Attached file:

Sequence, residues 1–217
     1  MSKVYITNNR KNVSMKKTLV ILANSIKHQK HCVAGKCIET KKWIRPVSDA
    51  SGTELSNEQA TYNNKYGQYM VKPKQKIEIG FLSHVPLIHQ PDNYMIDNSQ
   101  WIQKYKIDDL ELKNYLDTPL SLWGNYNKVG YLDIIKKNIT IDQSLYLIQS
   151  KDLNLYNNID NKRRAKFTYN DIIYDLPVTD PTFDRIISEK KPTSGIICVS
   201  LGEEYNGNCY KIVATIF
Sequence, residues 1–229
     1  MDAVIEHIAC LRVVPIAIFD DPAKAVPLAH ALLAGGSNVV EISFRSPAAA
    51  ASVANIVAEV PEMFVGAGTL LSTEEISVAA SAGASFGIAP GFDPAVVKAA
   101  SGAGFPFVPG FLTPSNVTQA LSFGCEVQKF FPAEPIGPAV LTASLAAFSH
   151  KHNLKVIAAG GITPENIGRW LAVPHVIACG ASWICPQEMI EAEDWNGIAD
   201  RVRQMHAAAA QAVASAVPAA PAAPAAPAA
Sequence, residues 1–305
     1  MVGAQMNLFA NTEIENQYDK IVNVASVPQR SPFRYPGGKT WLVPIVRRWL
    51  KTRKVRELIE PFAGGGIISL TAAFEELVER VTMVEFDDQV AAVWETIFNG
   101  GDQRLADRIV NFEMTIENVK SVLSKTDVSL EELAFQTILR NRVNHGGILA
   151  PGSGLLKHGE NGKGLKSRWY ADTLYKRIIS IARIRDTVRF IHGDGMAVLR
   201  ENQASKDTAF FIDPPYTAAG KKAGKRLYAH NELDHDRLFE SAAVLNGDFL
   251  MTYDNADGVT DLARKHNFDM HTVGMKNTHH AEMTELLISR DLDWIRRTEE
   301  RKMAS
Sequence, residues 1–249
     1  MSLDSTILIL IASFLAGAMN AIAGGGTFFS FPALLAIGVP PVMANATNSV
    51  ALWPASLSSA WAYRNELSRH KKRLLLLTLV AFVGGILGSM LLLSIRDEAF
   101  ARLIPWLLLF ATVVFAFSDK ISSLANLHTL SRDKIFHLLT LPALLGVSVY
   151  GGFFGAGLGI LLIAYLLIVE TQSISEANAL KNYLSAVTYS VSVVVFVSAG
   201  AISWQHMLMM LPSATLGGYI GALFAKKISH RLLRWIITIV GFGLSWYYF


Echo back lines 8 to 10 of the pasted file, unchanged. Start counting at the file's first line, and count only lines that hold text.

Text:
     1  MDAVIEHIAC LRVVPIAIFD DPAKAVPLAH ALLAGGSNVV EISFRSPAAA
    51  ASVANIVAEV PEMFVGAGTL LSTEEISVAA SAGASFGIAP GFDPAVVKAA
   101  SGAGFPFVPG FLTPSNVTQA LSFGCEVQKF FPAEPIGPAV LTASLAAFSH